Clonmines is a civil parish and townland in the Bannow Bay region of County Wexford, the site of "the finest example in Ireland of a deserted medieval borough". It is situated in the barony of Shelburne, southwest of Wellingtonbridge on the northwest shore of Bannow Bay. The parish of Clonmines contains the townland of the same name and the smaller townland of Arklow, with respective areas of 1,258 acres (509 ha) and 127 acres (51 ha).
There is evidence of a Norse-Gaelic settlement in Bannow in general and Clonmines in particular. In the early thirteenth century, after the Norman conquest of Ireland, a borough and port was established at Clonmines by William Marshal. Colfer suggests that Marshal chose the site in spite of its shallow harbour and poor hinterland, to offer a sheltered winter port alternative to New Ross. After the partition of Marshal's Lordship of Leinster around 1249, Clonmines was a detached manor of the liberty of Kildare.
It was a notable town with a provost and bailiff in the fourteenth century, and still considered a town in the sixteenth. In 1552, king Edward VI funded a scheme to mine silver in nearby Barrystown, which was abandoned after five months. The name "Clonmines" predates these mines; its origin is uncertain. Herbert F. Hore in 1859 suggested the Irish Cluainmain "Ecclesiastical retreat on the plains".
Colfer suggests that Clonmines' isolation from the rest of Kildare, and competition from New Ross, contributed to its decline. Sandbars had rendered the port unnavigable by the 17th century. The site was subsequently deserted, and no record exists of any charter. Clonmines Borough, like the nearby Bannow Borough, remained a rotten borough represented in the House of Commons of Ireland until the Act of Union 1800. Although Clonmines remains a civil parish, in 1785 the Church of Ireland parish was united by Walter Cope, Bishop of Ferns and Leighlin, with those of Tintern and Owenduff to form the Union of Owen Duff.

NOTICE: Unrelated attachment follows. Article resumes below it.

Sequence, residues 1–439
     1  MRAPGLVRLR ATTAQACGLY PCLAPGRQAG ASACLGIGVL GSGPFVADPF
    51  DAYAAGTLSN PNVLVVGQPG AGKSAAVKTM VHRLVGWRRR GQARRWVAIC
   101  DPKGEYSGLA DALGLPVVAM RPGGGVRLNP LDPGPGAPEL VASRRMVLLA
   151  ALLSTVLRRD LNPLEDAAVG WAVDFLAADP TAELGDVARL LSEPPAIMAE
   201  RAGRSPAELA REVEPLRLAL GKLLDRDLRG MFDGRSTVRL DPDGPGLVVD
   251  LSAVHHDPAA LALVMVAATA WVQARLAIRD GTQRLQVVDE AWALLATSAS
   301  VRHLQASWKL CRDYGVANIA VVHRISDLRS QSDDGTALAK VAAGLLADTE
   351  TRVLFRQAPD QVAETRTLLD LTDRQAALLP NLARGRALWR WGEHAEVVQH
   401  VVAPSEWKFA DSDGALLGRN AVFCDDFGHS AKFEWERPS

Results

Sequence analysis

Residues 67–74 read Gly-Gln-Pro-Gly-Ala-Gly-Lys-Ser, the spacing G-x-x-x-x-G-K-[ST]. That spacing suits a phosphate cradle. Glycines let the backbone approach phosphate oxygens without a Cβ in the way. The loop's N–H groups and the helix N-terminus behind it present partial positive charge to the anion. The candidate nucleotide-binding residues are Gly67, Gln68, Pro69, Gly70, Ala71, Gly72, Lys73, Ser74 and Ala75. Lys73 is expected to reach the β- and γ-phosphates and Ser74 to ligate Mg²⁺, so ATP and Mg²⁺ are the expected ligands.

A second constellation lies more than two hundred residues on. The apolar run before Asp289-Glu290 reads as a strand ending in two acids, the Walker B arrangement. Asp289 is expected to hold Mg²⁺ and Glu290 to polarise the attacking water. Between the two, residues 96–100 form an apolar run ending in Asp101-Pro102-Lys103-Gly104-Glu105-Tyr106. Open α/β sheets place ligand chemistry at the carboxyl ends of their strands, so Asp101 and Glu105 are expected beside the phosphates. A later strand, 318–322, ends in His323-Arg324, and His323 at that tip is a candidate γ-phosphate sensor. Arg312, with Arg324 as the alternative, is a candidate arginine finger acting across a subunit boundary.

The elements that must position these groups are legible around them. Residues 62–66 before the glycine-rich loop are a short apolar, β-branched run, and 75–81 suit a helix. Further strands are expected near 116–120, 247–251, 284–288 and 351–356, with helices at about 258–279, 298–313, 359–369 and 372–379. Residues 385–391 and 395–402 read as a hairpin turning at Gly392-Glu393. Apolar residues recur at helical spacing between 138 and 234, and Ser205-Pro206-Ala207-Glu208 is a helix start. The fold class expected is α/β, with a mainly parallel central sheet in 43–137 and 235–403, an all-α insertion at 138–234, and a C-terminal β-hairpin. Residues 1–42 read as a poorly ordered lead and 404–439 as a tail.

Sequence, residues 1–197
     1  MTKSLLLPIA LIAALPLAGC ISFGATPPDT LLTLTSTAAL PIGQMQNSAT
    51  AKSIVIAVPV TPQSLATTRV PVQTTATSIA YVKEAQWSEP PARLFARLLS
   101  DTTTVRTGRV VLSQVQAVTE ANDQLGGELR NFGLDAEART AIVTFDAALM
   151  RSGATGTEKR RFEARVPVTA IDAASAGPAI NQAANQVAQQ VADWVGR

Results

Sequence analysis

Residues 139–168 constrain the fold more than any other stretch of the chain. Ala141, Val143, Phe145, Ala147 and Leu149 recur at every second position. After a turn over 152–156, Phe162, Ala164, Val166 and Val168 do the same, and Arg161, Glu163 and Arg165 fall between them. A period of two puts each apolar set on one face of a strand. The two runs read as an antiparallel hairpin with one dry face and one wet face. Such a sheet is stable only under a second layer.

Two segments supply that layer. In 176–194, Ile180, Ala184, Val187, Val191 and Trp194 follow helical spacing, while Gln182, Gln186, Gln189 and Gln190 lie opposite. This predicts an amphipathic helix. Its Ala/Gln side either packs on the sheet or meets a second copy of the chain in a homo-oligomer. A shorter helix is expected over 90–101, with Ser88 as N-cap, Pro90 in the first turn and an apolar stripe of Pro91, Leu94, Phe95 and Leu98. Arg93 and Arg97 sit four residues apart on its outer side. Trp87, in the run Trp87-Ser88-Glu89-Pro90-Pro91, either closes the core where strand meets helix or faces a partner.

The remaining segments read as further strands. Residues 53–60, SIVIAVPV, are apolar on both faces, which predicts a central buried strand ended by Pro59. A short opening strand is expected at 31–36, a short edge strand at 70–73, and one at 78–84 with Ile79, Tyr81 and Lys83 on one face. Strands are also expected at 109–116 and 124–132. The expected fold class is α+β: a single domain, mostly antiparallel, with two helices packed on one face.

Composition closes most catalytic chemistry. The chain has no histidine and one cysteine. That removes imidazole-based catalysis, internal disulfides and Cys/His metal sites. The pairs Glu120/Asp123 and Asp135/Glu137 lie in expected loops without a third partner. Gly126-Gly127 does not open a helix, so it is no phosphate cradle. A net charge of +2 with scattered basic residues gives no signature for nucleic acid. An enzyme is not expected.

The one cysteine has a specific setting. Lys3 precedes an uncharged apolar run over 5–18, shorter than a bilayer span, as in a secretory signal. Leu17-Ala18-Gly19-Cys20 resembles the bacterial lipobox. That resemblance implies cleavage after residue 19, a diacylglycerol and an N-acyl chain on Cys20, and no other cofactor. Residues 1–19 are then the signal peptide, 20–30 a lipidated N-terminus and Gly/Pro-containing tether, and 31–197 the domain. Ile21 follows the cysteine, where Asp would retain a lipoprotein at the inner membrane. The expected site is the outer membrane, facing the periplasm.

A 1684 account describes the ruins of a church, an abbey, and "4 or 5 ruined Castles"; in the nineteenth century, "the seven castles of Clonmines" were still proverbial, although only some still had visible remains. Colfer in 2004 characterises the remains as two tower houses, one incorporated into a more modern dwelling; a fortified seventeenth-century house; the parish church of Saint Nicholas; another fortified church; and the Augustinian priory. The poorer people's buildings of wood and clay have disappeared. Excavations have revealed traces of the medieval defensive ramparts. The site is private property and not open to the public.
- Colfer, Billy (2004). The Hook Peninsula: County Wexford. Cork University Press. ISBN 9781859183786.
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- Colfer 2004, p.77
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- Colfer 2004, p.30
- Colfer 2004, p. 74
- Colfer 2004, pp. 35–37
- Colfer 2004, p. 39
- Colfer 2004, p. 38
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- Joyce, Patrick Weston (1913). "Clonmines". Irish names of places. Vol.3. Dublin: Phoenix. p. 217.
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- Commissioners appointed to inquire into the municipal corporations in Ireland (1835). "Clonmines". Appendix to the First Report, Part I: Southern, midland, western and south-eastern circuits, and part of the north-eastern circuit. Command papers. Vol. 27 (1). HMSO. p. 492. Retrieved 21 July 2013.
- "(B) Ecclesiastical Reports for 1807, Province of Leinster; (3) Diocese of Leighlin and Ferns". Papers relating to Established Church in Ireland. Command papers ((78) 5 57). 29 July 1807. p. 178.
- "Map centred on Clonmines Castle". Google Maps. Retrieved 21 July 2013.